With St. Patrick’s Day approaching, I’m taking a proactive approach and getting to the bottom of this holiday that I know so little about.
Sure, I've celebrated St. Patrick's Day with a pint or two each year, but I knew so little about the meaning behind the holiday itself.
Quick! Can you tell me who St. Patrick is or what the meaning behind the shamrock is? Your kids will probably ask you this month. I know mine will, so I've been on a mission to get the facts.
People all over the world celebrate on March 17 in honor of St. Patrick, the patron saint of Ireland. Most of us enjoy celebrating St. Patrick's Day, but few of us can truly explain the meaning behind the day.
Here are the basics that I learned about St. Patrick as I was studying up:
St. Patrick was born in Britain in the fourth century, but was kidnapped by Irish raiders when he was a teenager. After six years, he escaped and returned to Britain to become a priest. He later chose to return to Ireland as a missionary to spread Christianity amongst Irish pagans.
According to Irish folklore, St. Patrick used the three leaves of the shamrock to illustrate the concept of the Trinity to the Irish. For 30 years, he worked tirelessly to spread Christianity and establish monasteries, churches and schools.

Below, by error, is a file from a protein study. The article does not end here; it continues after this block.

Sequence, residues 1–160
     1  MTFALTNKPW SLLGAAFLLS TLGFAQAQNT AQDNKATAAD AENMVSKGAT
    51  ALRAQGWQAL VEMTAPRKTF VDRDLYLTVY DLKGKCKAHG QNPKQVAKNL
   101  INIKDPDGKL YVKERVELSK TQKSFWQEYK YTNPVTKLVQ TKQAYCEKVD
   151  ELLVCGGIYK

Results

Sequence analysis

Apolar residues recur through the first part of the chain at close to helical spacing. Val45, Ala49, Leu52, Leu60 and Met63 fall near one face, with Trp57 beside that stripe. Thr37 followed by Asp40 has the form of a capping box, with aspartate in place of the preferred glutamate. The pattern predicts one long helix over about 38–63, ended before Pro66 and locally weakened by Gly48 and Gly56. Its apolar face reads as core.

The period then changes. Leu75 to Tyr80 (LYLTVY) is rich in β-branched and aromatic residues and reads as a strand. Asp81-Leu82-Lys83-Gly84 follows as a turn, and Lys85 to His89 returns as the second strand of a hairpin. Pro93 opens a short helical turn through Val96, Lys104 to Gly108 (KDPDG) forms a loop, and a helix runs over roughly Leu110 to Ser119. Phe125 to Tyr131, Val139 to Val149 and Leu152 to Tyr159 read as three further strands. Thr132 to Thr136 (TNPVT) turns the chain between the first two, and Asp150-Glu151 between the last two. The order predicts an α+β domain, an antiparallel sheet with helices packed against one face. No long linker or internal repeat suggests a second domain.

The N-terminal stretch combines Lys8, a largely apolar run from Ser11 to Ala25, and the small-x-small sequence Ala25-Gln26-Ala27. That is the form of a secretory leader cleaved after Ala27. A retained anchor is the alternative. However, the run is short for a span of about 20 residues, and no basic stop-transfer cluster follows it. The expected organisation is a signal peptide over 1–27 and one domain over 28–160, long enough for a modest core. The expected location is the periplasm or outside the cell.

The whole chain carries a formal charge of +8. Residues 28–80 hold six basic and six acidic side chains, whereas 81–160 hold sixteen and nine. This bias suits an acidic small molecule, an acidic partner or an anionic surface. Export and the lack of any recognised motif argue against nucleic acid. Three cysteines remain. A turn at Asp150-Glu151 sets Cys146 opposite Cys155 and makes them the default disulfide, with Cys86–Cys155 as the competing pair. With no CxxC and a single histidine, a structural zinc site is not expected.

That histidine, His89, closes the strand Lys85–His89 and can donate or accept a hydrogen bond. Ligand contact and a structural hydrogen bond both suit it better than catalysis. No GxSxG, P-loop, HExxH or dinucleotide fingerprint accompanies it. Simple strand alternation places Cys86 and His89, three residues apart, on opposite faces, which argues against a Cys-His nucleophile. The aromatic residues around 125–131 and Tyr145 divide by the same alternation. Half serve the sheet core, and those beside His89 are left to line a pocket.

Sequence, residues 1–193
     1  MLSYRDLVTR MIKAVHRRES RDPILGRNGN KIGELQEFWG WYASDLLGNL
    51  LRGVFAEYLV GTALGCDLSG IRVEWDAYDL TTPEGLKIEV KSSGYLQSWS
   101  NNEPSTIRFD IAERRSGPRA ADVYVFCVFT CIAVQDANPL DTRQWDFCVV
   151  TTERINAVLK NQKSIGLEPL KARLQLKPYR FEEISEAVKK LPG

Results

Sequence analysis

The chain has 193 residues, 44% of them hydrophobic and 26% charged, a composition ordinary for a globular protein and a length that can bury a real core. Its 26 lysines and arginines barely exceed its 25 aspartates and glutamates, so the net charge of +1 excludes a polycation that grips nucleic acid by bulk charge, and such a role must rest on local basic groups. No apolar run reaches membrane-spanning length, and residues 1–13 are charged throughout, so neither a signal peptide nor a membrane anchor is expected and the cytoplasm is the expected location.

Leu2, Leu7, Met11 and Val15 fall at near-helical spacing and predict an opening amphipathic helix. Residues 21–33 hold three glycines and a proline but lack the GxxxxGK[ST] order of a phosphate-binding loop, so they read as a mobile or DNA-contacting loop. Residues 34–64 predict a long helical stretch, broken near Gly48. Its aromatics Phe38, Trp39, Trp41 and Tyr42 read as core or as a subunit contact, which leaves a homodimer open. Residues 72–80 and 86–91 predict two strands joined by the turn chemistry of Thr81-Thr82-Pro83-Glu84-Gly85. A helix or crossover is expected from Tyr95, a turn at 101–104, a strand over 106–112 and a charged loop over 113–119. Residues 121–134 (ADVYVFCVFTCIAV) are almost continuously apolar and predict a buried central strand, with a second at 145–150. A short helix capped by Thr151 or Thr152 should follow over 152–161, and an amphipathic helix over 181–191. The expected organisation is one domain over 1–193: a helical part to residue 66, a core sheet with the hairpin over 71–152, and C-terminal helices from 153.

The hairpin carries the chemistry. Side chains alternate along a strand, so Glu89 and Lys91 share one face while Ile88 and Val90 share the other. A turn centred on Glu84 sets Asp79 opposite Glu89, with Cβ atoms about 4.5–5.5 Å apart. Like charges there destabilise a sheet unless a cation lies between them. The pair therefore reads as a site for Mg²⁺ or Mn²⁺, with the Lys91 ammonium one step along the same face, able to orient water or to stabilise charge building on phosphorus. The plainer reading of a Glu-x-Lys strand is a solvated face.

St. Patrick died on March 17 and was later canonized by the Catholic Church.
This basic history of St. Patrick's Day should prepare you for any questions your kids may throw at you.
The first public celebration honoring St. Patrick was held in Boston in 1737. Nearly 200 years later, in 1931, Dublin held its first St. Patrick's Day parade.
While many Catholics still celebrate St. Patrick's Day by attending mass, March 17 has become more of a celebration of Irish heritage.
Over the years, St. Patrick has been replaced by corned beef and cabbage, shamrocks, leprechauns, pots of gold, rainbows and green beer.
Try these creative ideas on St. Patrick's Day:
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